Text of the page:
Do You Know My Name?

Brighten someone’s day by taking an interest, and see the amazing reactions you’ll get!

In Dale Carnegie’s timeless book How to Win Friends and Influence People he wrote, “If you want to win friends, make it a point to remember them. If you remember my name, you pay me a subtle compliment; you indicate that I have made an impression on you. Remember my name and you add to my feeling of importance.” Powerful words coming from one of the true masters in business.

Remembering the names of all the people you come into regular contact with isn’t easy and might seem a little daunting. Here are some great tips to help remember the names of everyone you meet:

  • Make a habit of repeating people’s names when meeting them for the first time. If you will make this a routine, you will be forced to pay attention to their names when they are introduced to you. (Part of the reason most of us forget people’s names is we never really hear it when they tell us. We’re busy thinking about what we want to say, or who else in the room we want to speak to next.)
  • After hearing their name, repeat it a few times. (Best not to do that out loud!)
  • Try to think of someone else that has the same name.
  • If you don’t understand the pronunciation, ask them to repeat it. If you’re still having a hard time, ask how it is spelled and then try again. People with unique names are used to others mispronouncing them and will appreciate those who express an interest in getting it right.

Here is my challenge to you. Start today; be intentional about remembering people’s names. Keep in mind the impact you can have on other people’s happiness by simply saying their name and a quick hello. Trust me, from my experience over the past few months, it’s a great habit to start!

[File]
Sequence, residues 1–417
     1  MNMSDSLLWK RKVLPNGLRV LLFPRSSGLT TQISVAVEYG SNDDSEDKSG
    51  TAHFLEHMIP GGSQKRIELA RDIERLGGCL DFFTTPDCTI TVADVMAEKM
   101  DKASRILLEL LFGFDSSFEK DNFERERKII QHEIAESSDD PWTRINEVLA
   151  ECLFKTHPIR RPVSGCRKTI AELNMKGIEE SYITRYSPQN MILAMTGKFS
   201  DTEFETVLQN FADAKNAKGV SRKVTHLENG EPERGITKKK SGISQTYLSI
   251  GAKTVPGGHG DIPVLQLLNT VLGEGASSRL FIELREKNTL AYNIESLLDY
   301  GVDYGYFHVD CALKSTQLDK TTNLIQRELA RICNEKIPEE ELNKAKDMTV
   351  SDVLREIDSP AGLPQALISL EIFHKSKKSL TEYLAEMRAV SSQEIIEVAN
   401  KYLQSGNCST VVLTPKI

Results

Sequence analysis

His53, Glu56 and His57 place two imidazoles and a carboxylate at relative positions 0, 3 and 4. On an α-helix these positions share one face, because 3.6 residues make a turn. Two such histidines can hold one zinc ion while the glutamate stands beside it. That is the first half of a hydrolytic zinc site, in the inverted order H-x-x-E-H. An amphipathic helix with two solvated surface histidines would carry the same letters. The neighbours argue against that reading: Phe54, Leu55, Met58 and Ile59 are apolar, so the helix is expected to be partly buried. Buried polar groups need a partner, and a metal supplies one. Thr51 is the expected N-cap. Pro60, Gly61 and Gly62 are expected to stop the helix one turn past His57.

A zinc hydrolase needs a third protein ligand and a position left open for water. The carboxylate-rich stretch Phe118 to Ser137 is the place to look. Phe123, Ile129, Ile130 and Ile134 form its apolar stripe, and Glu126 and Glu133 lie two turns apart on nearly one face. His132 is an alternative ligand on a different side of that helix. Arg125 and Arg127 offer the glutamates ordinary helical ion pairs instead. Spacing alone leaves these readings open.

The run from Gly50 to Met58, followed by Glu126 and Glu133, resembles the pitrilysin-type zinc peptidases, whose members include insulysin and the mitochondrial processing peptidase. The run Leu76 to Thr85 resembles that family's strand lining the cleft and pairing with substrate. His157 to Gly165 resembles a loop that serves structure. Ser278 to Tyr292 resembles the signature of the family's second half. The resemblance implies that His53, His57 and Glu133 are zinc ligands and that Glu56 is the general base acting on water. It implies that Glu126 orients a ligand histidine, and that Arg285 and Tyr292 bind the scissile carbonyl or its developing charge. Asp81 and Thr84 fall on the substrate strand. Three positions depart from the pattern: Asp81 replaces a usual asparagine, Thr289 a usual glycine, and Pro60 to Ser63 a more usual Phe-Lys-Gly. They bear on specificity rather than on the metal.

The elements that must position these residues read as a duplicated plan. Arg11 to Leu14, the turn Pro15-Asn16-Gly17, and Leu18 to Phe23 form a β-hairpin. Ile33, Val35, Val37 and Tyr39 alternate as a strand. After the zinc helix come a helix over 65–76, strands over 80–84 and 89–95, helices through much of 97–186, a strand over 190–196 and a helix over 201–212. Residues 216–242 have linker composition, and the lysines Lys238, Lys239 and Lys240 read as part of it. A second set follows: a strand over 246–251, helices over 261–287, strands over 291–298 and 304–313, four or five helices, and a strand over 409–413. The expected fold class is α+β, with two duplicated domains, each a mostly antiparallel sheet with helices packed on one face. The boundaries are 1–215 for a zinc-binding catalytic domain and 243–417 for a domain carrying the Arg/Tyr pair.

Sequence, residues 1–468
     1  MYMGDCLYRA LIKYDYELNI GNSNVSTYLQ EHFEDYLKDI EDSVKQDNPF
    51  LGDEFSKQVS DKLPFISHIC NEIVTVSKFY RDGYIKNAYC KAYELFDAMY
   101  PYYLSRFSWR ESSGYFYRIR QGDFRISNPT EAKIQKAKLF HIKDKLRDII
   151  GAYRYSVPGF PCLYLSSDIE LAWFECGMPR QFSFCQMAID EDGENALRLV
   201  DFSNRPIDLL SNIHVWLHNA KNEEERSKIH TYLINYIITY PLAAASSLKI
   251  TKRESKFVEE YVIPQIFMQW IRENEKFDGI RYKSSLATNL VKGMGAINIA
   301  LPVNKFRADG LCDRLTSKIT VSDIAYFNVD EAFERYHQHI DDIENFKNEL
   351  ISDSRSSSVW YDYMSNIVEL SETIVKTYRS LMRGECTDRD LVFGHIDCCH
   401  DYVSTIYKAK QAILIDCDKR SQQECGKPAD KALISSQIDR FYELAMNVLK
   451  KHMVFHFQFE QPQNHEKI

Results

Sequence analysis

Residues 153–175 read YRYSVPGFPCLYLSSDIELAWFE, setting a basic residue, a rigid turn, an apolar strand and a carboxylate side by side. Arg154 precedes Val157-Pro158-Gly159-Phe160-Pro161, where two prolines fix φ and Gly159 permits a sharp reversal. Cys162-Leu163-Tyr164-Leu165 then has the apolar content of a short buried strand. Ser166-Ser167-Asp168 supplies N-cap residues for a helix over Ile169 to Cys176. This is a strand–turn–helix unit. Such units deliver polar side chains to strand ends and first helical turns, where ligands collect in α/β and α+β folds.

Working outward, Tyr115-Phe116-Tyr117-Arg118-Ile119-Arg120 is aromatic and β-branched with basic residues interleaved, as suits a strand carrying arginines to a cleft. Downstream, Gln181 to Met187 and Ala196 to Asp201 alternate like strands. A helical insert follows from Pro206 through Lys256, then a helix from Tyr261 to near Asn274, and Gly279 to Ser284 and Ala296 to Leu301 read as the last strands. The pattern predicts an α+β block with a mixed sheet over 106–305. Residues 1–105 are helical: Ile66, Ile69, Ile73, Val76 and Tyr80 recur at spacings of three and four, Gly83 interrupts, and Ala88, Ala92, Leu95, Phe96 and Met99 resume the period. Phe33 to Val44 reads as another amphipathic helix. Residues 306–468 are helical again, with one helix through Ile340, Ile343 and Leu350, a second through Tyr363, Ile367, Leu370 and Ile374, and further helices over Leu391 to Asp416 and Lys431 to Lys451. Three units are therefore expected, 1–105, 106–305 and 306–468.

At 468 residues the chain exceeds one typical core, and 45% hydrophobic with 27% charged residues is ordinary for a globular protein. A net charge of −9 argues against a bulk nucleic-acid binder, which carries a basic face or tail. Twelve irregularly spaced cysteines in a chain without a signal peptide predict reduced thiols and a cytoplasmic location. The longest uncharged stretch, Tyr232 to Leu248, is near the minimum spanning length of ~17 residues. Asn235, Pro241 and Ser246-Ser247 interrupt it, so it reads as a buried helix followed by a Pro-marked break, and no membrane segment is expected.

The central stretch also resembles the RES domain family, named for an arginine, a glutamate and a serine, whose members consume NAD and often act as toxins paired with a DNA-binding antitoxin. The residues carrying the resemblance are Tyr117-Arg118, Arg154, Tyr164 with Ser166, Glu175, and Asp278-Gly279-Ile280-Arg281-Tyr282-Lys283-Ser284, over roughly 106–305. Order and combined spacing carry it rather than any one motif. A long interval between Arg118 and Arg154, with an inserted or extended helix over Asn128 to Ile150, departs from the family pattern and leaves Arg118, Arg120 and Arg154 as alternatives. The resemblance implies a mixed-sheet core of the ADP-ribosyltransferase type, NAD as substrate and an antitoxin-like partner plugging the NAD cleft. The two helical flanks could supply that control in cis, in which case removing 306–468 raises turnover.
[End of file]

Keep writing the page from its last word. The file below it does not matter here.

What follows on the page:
Mike is a writer, photographer, and amateur comedian. He’s also Hilary’s husband and founder of The Impact Bible, where he writes about how to live a sustainability-focused life. He’s vegan, loves birdwatching and snowboarding, and can somehow remember everyone he’s met since childhood (in amazing detail!) He’s been interviewed by many publications, including the Wall Street Journal, Conscious Magazine, etc. Mike helps out by shooting beautiful photos and video, and occasionally contributes articles.


  1. Olivia Peterson

    A person’s name is the greatest connection to their own identity and individuality. Some might say it is the most important word in the world to that person. So naturally remembering a person’s name is one of the most crucial things in personal and business relationships.

  2. Delilah Peyton

    Not knowing or forgetting a person’s name is out of disinterest in my opinion. Which is very rude… LOL

    • Camila Hilhorst

      Sooooooo trueee!!! You need to WANT to learn the person’s name. Care for it! it’s important for them and you should give them the attention they deserve.

  3. Leslie Williams

    This is also very impırtant during job interviews! Knowing and using the names of the people who are interviewing you is a great way to differentiate yourself, and it might just give you the edge you need to get the job offer you’re seeking.

    • Sibel Jenkinson

      Makes sense. You’ll subconsciously relax more before and during the interview. Knowing a person’s name has a way of making a potentially stressful situation not as stressful. The more quickly you talk with somebody using their name, the more quickly the conversation flows better and becomes more natural, all of which works in your favor. 🙂

  4. Nicky Bryan

    Awesome post!! I have a great method for remembering many names in a short period of time that I would like to share with you all.

    Keep a quick note on an notepad app on your phone. And when you meet someone new enter their name. Glance back at it every chance you get, specially after parting ways with them. Open up the note and go through the list at least a few times a day, visualizing each person. When you meet someone new, enter their name at the bottom of list, and once again visualize the people you had entered earlier. In case you see someone and do not remember their name, glance at your list; most of the time seeing the name will ring a bell and you’ll remember!